47. Pianta, R. C., & Stuhlman, M. W. (2004). Teacher-child relationships and children's success in the first years of school. School Psychology Review, 33, 444–457.Google Scholar
  48. Reddy, R., Rhodes, J. E., & Mulhall, P. (2003). The influence of teacher support on student adjustment in the middle school years: a latent growth curve study. Development and Psychopathology, 15, 119–138.  https://doi.org/10.1017/S0954579403000075.CrossRefGoogle Scholar
  49. Ripski, M. B., & Gregory, A. (2009). Unfair, unsafe, and unwelcome: do high school students' perceptions of unfairness, hostility, and victimization in school predict engagement and achievement? Journal of School Violence, 8, 355–375.  https://doi.org/10.1080/15388220903132755.CrossRefGoogle Scholar
  50. Roeser, R. W., Eccles, J. S., & Sameroff, A. J. (1998). Academic and emotional functioning in early adolescence: longitudinal relations, patterns, and prediction by experience in middle school. Development and Psychopathology, 10, 321–352.CrossRefGoogle Scholar
  51. Roeser, R. W., Midgley, C., & Urdan, T. C. (1996). Perceptions of the school psychological environment and early adolescents' psychological and behavioral functioning in school: the mediating role of goals and belonging. Journal of Educational Psychology, 88, 408–422.CrossRefGoogle Scholar
  52. Roorda, D. L., Koomen, H. M., Spilt, J. L., & Oort, F. J. (2011). The influence of affective teacher–student relationships on students’ school engagement and achievement: a meta-analytic approach. Review of Educational Research, 81, 493–529.  https://doi.org/10.1111/j.1467-8624.2010.01533.x.CrossRefGoogle Scholar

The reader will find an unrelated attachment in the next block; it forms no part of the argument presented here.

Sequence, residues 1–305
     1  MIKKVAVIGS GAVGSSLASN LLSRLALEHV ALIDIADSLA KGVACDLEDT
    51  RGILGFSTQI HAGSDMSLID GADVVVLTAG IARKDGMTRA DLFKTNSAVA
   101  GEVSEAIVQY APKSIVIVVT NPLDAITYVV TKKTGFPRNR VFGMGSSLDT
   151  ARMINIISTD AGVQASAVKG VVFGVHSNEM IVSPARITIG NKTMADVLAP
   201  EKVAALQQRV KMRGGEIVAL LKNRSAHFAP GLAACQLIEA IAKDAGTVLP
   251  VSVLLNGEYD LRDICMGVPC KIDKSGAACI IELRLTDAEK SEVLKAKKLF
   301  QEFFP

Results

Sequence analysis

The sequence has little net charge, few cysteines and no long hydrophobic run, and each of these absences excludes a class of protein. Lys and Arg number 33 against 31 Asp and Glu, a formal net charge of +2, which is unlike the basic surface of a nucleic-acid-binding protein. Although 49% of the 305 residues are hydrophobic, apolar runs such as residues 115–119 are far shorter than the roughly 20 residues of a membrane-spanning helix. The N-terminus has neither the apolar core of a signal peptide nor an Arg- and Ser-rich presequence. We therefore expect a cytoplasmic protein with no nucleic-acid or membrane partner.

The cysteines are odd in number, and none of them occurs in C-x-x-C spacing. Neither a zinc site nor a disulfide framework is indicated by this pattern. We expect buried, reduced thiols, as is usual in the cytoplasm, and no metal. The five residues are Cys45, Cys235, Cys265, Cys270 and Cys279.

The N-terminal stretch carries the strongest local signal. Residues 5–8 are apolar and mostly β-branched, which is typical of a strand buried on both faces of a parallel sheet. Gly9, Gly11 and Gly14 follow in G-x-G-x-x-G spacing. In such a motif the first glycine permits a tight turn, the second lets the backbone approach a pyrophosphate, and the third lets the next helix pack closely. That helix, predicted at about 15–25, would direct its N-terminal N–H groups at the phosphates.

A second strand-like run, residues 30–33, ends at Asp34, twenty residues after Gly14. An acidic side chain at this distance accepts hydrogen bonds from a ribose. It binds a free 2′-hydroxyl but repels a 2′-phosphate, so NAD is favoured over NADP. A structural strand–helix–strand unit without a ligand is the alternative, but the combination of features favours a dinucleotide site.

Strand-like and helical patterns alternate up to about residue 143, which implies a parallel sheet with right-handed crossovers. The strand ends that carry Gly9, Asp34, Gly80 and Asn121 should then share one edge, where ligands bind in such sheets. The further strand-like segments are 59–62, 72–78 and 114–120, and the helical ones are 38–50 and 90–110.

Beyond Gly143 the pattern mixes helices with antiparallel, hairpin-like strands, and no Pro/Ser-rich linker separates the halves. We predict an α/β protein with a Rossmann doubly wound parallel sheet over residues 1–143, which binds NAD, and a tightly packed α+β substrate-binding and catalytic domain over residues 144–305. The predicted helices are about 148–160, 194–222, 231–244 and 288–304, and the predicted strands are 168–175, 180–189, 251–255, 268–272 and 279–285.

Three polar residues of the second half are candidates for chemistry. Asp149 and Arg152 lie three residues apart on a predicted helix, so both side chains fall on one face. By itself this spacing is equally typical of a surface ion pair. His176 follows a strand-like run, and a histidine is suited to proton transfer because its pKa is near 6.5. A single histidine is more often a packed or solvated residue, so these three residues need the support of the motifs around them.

53. Rudasill, K. M., Reio, T. G., Stipanovic, N., & Taylor, J. E. (2010). A longitudinal study of student–teacher relationship quality, difficult temperament, and risky behavior from childhood to early adolescence. Journal of School Psychology, 48, 389–412.  https://doi.org/10.1016/j.jsp.2010.05.001.CrossRefPubMedGoogle Scholar
  54. Spilt, J. L., Hughes, J. N., Wu, J. Y., & Kwok, O. M. (2012). Dynamics of teacher–student relationships: stability and change across elementary school and the influence on children’s academic success. Child Development, 83, 1180–1195.  https://doi.org/10.1111/j.1467-8624.2012.01761.x.CrossRefPubMedPubMedCentralGoogle Scholar
  55. Stattin, H., & Kerr, M. (2002). Adolescents’ values matter. In J.-E. Nurmi (Ed.), Navigating through adolescence: European perspectives (pp. 21–58). New York: Routledge Farmer.Google Scholar
  56. Stattin, H., & Kim, Y. (2018). Both parents and adolescents project their own values when perceiving each other’s values. International Journal of Behavioral Development, 42, 106–115.  https://doi.org/10.1177/0165025417713728.CrossRefGoogle Scholar
  57. Svenson, Y., Stattin, H., & Kerr, M. (2011). In- and out-of-school peer groups of immigrant youths. European Journal of Developmental Psychology, 8, 490–507.  https://doi.org/10.1080/17405629.2011.559804.CrossRefGoogle Scholar
  58. Tyler, T., & Smith, H. (1999). Justice, social identity, and group processes. In T. Tyler, R. Kramer & O. John (Eds.), The Psychology of the Social Self (pp. 223–264). Mahwah, NJ: Lawrence Erlbaum.Google Scholar
  59. Verschueren, K., & Koomen, H. M. (2012). Teacher–child relationships from an attachment perspective. Attachment & Human Development, 14, 205–211.  https://doi.org/10.1080/14616734.2012.672260.CrossRefGoogle Scholar